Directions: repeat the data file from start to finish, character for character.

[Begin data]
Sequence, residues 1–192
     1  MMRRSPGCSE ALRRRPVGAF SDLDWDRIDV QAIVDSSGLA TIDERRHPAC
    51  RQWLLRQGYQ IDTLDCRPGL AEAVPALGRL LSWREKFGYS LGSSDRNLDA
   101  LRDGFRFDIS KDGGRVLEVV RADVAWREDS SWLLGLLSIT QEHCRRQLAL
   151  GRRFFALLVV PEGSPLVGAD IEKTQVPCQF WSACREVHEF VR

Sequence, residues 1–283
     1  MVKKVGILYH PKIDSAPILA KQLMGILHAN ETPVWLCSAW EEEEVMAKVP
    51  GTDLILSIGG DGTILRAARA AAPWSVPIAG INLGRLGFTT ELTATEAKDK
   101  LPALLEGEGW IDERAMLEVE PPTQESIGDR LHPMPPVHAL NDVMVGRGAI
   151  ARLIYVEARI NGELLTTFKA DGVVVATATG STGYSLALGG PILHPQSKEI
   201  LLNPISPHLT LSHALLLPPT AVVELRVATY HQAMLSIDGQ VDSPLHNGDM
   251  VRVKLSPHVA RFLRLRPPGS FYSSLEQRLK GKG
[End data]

Sequence, residues 1–192
     1  MMRRSPGCSE ALRRRPVGAF SDLDWDRIDV QAIVDSSGLA TIDERRHPAC
    51  RQWLLRQGYQ IDTLDCRPGL AEAVPALGRL LSWREKFGYS LGSSDRNLDA
   101  LRDGFRFDIS KDGGRVLEVV RADVAWREDS SWLLGLLSIT QEHCRRQLAL
   151  GRRFFALLVV PEGSPLVGAD IEKTQVPCQF WSACREVHEF VR

Sequence, residues 1–283
     1  MVKKVGILYH PKIDSAPILA KQLMGILHAN ETPVWLCSAW EEEEVMAKVP
    51  GTDLILSIGG DGTILRAARA AAPWSVPIAG INLGRLGFTT ELTATEAKDK
   101  LPALLEGEGW IDERAMLEVE PPTQESIGDR LHPMPPVHAL NDVMVGRGAI
   151  ARLIYVEARI NGELLTTFKA DGVVVATATG STGYSLALGG PILHPQSKEI
   201  LLNPISPHLT LSHALLLPPT AVVELRVATY HQAMLSIDGQ VDSPLHNGDM
   251  VRVKLSPHVA RFLRLRPPGS FYSSLEQRLK GKG